The idea of the neutrino was born only in 1930, when Wolfgang Pauli tried a desperate rescue of the “energy conservation principle”. In order to explain the continuous beta spectrum, he invented a new light particle, neutral and interactiPauling rarely with the other particles of matter.
Wolfgang Pauli was born on April 25th 1900, in Vienna, Austria. At the age of 18, he went to Munich to study physics with A. Sommerfeld. He then wrote a 200 pages article about the Relativity theory, which impressed Sommerfeld and Einstein. He obtained his PhD in 1922. In 1924, he created in 1924 the exclusion principle which now is often called “Pauli principle” and bought a great step to the dawn of quantum mechanics. From 1924 to 1928, he taught in Hamburg, then in Zurich. In 1930, he invented the neutrino particle, which was named 3 years later by Enrico Fermi. In 1945, he received the Physics Nobel Prize for his exclusion principle which says that two electrons, and more generally two fermions, cannot have the same quantum state. In 1958, Pauli died in Zurich, three years after Einstein and four years after Fermi.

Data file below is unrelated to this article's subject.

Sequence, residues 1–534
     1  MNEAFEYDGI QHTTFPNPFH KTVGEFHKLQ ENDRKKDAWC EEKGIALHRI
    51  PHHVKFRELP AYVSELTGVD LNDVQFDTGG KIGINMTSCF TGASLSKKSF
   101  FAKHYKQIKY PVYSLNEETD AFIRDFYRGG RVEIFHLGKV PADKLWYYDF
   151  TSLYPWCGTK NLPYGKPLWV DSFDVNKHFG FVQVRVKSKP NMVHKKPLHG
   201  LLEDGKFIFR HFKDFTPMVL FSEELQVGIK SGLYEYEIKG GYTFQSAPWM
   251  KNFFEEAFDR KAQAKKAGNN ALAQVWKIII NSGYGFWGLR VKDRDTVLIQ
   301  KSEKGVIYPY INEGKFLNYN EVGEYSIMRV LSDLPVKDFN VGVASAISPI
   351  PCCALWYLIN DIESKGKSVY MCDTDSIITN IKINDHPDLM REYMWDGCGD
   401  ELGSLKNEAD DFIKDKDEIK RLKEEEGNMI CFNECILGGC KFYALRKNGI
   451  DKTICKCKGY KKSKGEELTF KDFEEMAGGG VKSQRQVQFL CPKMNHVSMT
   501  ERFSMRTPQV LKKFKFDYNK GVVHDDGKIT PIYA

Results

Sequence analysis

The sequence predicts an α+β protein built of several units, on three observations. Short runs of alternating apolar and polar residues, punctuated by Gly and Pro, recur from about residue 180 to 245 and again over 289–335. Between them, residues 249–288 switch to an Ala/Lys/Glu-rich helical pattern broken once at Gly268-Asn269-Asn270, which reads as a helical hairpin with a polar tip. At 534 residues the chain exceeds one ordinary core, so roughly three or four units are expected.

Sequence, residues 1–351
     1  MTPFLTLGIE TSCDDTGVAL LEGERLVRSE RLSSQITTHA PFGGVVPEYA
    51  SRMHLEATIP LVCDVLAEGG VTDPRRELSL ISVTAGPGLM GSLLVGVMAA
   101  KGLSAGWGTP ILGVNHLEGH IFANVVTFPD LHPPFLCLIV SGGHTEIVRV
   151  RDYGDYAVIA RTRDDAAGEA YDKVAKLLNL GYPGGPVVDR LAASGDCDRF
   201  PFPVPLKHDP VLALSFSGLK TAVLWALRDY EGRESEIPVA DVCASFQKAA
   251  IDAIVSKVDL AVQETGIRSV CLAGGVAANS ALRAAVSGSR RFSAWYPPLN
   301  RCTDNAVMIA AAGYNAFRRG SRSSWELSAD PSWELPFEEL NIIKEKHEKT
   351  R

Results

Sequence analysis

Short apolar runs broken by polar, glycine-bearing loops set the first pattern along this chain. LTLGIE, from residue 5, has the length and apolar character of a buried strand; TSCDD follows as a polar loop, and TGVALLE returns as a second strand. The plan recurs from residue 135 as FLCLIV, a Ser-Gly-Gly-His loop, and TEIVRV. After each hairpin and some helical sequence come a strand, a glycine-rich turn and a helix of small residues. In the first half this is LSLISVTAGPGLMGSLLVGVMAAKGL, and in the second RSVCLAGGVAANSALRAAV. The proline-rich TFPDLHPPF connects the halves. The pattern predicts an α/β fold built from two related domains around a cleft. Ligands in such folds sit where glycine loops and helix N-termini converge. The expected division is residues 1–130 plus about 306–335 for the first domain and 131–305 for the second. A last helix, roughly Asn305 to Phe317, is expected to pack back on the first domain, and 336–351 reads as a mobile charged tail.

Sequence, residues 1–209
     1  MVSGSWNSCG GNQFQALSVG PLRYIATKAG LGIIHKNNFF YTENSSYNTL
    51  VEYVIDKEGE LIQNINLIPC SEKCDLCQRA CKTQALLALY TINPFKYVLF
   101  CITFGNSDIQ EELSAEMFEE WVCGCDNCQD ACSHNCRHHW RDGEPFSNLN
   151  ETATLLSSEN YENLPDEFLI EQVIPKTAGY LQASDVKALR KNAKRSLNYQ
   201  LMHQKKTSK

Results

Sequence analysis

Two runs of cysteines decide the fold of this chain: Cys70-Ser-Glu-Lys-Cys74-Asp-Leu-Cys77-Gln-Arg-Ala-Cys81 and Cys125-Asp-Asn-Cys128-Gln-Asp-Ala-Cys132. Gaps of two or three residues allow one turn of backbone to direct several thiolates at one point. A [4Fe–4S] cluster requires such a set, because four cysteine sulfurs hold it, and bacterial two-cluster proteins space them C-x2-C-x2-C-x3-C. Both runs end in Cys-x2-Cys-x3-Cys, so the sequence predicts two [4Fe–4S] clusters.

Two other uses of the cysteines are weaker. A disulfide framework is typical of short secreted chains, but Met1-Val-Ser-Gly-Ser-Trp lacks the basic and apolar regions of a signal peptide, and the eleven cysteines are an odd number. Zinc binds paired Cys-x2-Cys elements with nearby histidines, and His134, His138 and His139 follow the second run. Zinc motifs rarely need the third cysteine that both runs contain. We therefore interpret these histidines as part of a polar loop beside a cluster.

Enrico FEnrico Fermiermi

Enrico Fermi was born in Roma on September 29th 1901. He went to school in Roma and continued his studies in Pisa. He became in 1926 professor of theoretical physics at Roma University. In 1934, he became interested in artificial radioactivity obtained by bombarding a nuclear target with neutrons (the first step to the nuclear reaction chain). He received for this work the Physics Nobel Prize in 1938. At this occasion, he ran away from the fascist government of Italy and became a professor at Columbia University, in New York, where he led, under the Manhattan project, the team which made the first controlled atomic reactor in 1942, in Chicago. After the end of the war, he opposed the development of the thermonuclear bomb and became also director of the new Institute of Nuclear Physics of Chicago (called today Fermilab, the US equivalent of CERN).